Next, you will want to drink about 24 – 32oz of a high carb drink. Excellent examples would include Hawaiian Punch (any flavor), Hi-C Blast (any flavor) or Sam’s Choice Lemonade (Wal-Mart). You should read the labels and be sure that the drink has at least 120 calories per 8oz serving. Be careful to avoid the “Low Carb” versions of these drinks and you will find that some of the lemonades will have fewer calories than their fruit flavored counterparts.
Do not even think about consuming Gatorade or PowerAde for your post recovery drink. The reason for this is that they are quite low in carbs (typically about 50 calories per 8oz serving) and while this is ideal for during a workout, this is not anywhere sufficient for a post recovery drink. Think about it, you will want to consume about 400 – 500 calories of carbs during your post recovery drink and trying to do this using Gatorade will require that you drink something in excess of ½ gallon in less than an hour. Unless you are a camel by design, this will probably have you barfing all over the place before you even get through!
The idea here is that you will be wanting to speed the maximum amount of carbs into your bloodstream so that insulin can convert these carbs into glycogen and infuse this glycogen back into your muscle cells as quickly as possible. It has been proven that there is a 2 hour window of opportunity immediately after a workout where your body will perform this task at its fastest. Wait ’til after this window of opportunity and it might take a couple of days or more for you to fully restore this lost glycogen, so you can see that time is of the essence!
Whatever amounts of protein drink or carb drink you consume, it is very important that you maintain the proper percentages of protein vs. carb when you do this. You will want this to balance out at 20% protein and 80% carbs (by weight in grams). In the above example you will see that the 8oz protein drink made from one scoop of whey powder (24 – 30 grams of protein) is in proper proportion to the 32oz of Hi-C drink (about 100 – 125 grams of carbs). Obviously you will have to play with the proportions a bit to compensate for the fact that the actual amount of carbs varies from drink to drink but the math is quite simple to figure in your head.
The scientific reason for the above proportions is that it has been proven that adding a 20% protein mix to your carb intake will just about double the insulin response in your body. This is critical in that it is this insulin response that performs the actual conversion of carbs into glycogen and injects the glycogen straight into your muscle cells. It has also been found that fat will inhibit the insulin response and poor glycogen recovery will be the result.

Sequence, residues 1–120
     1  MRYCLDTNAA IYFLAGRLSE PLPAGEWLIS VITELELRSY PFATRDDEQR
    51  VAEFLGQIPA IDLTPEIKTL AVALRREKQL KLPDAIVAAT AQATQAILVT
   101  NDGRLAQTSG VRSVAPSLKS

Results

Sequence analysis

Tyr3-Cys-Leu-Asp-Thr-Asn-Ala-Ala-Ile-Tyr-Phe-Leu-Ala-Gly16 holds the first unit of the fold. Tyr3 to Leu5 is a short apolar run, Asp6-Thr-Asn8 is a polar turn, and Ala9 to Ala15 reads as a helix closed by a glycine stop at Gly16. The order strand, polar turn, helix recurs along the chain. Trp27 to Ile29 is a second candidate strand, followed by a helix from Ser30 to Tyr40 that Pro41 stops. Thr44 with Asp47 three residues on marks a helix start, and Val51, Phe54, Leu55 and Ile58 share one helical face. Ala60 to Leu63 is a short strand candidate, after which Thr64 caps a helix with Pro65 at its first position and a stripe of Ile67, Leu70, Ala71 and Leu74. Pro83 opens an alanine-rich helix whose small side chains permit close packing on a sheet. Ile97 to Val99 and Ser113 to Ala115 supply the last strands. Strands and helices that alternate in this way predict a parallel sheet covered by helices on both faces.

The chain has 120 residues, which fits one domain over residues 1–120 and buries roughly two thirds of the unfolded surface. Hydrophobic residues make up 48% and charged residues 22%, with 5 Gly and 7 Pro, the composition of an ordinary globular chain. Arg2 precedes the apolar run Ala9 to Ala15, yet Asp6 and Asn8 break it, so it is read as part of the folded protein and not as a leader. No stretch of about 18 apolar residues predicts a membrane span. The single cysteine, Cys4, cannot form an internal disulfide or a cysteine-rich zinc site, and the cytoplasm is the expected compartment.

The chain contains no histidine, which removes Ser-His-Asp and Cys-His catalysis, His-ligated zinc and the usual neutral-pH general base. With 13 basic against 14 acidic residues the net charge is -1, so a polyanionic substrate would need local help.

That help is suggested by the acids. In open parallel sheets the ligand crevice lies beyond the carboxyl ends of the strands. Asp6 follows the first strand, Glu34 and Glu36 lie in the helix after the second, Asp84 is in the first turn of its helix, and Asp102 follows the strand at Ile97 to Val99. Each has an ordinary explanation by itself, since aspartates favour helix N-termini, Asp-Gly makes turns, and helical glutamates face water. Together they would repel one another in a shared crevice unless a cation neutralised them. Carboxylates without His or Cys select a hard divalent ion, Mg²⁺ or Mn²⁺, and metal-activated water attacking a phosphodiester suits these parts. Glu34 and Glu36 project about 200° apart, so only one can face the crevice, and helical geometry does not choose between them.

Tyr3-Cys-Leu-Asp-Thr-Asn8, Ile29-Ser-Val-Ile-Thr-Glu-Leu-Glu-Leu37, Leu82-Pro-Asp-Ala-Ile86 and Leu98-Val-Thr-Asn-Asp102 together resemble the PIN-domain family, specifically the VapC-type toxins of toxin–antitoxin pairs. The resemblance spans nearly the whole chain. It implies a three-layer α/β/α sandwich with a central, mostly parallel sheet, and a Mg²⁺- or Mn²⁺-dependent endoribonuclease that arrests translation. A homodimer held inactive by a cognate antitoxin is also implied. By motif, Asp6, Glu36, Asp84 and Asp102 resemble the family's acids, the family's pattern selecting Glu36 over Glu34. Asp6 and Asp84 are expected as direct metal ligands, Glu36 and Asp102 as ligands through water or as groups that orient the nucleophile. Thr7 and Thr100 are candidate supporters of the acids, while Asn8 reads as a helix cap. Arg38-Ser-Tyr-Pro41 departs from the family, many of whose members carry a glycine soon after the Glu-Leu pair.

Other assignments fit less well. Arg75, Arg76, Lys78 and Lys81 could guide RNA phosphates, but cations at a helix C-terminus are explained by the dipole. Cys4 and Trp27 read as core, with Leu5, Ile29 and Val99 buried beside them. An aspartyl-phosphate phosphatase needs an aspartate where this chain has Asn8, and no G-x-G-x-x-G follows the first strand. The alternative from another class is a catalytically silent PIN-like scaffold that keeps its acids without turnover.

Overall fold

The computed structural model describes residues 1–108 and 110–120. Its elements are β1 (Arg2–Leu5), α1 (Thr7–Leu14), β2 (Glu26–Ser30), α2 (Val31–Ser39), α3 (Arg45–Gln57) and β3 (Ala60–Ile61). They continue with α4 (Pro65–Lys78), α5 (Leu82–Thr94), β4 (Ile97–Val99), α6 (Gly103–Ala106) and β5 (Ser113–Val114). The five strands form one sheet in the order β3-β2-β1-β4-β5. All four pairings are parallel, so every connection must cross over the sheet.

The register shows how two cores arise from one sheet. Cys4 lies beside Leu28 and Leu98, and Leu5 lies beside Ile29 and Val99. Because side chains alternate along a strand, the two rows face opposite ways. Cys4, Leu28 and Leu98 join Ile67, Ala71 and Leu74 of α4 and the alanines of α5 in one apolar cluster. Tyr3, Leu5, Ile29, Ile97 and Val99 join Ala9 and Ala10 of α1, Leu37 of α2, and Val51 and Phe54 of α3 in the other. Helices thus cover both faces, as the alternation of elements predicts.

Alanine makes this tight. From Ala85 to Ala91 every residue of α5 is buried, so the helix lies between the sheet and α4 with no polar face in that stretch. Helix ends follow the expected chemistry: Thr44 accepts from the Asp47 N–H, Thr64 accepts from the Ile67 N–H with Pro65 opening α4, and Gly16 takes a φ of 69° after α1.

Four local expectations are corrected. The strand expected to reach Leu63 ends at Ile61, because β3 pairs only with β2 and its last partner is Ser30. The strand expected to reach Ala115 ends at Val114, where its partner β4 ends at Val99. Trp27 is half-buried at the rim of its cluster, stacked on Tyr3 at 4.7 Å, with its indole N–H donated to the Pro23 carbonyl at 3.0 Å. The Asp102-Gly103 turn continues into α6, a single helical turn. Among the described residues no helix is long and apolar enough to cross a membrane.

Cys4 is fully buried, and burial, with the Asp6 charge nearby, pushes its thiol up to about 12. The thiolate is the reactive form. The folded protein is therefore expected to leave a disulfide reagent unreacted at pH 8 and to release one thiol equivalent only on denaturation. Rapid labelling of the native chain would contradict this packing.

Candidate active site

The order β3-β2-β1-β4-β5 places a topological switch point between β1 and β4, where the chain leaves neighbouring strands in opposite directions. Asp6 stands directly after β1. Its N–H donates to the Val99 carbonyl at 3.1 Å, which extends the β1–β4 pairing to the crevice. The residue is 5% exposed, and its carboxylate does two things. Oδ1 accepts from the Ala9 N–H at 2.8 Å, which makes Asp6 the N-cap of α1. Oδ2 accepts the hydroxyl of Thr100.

In addition to the above mentioned drinks you might want to consider taking a couple of multi-vitamins to replenish critical elements to help with muscle regeneration. For your evening meal you should try to eat more complex carbs in the form of pasta, rice, breads or cereals. Balance this with a serving of protein in the form of chicken, fish, or beef as well. For your breakfasts you should eat a balanced blend of carbs and protein. Healthy examples include bagels, eggs, cereals, toast, sausage, bacon and the like. Avoid sugary breakfasts such as Fruit Loops or Pop Tarts. Also, you may find that too much in the way of fresh fruit or fruit juices can cause stomach cramps and diarrhea, which is no fun. Only you will know whether you can handle large amounts of fruits as part of your diet. You should also fill out your diet with a good mix of vegetables as well.
Generally, you will want to make complex carbs as part of your meal plan for breakfast, lunch, and dinner. You should only target the simple carbs (snack cakes and fruit punch) for the time period surrounding your workout. Follow these guidelines and your athletic performance will be better than you can imagine.